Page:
With the new EPA regulations requiring an EGR cooler installation into all diesel vehicles, it’s important to A) know what an EGR cooler is, and B) know how it works and how to keep it working. Let’s take a 6.4L engine; a pretty good sized diesel engine at that. The EGR circuit that houses the EGR would also have the cooler running in the same circuit.
As the EGR pulls the exhaust emissions back into the engine through itself, the emissions have to go through the cooler first. The cooler does exactly as its name implies; it cools. The cooled exhaust acts as an additional way to cool the combustion chambers inside the engine, producing less exhaust because the efforts of the engine are less from being cooled. So the process continues until the truck is turned off ad started again the next day.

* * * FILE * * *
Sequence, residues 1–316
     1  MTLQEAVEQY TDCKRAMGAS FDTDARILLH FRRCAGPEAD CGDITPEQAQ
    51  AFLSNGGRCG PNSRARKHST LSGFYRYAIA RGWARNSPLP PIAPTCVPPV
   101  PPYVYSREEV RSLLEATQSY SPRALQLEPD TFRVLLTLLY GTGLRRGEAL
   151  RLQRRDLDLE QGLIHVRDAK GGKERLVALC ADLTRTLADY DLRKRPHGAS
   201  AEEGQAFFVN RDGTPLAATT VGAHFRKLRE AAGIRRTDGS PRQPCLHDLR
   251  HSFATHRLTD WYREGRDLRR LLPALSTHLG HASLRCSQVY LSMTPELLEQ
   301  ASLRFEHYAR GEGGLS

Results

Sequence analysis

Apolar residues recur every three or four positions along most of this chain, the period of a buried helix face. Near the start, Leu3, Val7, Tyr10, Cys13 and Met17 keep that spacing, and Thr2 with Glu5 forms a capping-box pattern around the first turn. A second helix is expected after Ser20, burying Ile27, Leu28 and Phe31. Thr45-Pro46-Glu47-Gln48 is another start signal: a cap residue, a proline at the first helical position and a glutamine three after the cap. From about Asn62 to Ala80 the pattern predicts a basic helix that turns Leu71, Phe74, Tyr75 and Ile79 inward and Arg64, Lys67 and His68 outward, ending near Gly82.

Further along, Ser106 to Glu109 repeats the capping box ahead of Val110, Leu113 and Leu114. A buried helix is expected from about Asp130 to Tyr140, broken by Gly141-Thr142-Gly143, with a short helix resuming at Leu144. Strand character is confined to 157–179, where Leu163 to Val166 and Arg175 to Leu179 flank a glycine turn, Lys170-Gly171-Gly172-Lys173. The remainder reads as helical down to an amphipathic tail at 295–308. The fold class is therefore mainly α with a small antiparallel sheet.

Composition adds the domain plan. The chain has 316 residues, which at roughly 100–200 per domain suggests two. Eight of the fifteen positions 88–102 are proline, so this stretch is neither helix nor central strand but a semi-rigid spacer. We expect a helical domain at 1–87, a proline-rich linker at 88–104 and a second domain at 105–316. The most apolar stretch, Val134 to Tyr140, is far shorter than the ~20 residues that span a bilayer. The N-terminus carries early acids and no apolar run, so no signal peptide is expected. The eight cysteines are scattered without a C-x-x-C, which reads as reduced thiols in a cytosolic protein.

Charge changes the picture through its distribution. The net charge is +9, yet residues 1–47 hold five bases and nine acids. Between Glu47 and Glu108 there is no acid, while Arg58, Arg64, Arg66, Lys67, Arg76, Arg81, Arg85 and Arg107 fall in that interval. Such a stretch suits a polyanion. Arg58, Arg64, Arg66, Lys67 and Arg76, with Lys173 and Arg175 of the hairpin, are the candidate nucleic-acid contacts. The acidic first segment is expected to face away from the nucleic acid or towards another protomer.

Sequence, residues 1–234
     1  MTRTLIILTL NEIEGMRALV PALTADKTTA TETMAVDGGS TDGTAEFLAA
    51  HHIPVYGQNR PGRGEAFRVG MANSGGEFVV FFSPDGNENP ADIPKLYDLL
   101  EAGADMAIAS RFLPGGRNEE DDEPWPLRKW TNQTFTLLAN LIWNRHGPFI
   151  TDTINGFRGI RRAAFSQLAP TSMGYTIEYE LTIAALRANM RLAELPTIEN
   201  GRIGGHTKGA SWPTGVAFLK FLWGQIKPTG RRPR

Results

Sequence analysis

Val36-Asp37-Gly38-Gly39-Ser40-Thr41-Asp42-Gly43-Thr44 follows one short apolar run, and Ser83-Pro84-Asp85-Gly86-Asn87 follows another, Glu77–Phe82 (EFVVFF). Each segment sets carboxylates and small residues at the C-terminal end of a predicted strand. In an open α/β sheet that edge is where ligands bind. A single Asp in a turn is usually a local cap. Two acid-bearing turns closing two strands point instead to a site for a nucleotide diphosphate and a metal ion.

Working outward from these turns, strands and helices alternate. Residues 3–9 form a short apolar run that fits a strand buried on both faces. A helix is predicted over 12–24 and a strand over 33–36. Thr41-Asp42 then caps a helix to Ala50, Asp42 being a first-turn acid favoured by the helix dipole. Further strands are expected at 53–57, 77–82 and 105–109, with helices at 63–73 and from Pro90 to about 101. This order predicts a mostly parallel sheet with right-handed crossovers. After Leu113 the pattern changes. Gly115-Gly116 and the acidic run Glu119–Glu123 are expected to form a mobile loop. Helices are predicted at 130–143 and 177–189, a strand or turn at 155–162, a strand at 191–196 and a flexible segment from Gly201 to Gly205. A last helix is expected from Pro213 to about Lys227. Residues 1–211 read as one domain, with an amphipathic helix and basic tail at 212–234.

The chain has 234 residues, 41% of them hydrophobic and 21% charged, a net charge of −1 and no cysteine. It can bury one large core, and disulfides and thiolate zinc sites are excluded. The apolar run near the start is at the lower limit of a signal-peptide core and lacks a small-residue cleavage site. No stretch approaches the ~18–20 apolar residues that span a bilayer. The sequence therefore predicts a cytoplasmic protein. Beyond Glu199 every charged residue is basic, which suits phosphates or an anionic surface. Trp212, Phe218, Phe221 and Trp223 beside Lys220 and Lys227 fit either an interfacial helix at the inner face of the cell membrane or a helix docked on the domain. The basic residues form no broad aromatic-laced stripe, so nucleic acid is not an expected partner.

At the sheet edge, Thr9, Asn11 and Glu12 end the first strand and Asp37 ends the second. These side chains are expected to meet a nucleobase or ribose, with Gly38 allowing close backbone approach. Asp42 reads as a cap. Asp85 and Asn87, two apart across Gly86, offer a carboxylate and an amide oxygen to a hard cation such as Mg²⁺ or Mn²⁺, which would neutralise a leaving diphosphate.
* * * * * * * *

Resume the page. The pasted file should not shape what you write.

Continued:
In a 6.4L powerstroke engine, the engine is already working overtime. The recirculated and cooled exhaust comes back through and slows down the strokes of the engine, even when the engine is still working to keep the truck up to the current speed. The EGR cooler never fully shuts off, but continues to work hard to keep the combustion chambers from exploding because of excess heat. It’s important that a diesel combustion engine doesn’t overheat because then it produces too much NOx emissions for the EGR to filter.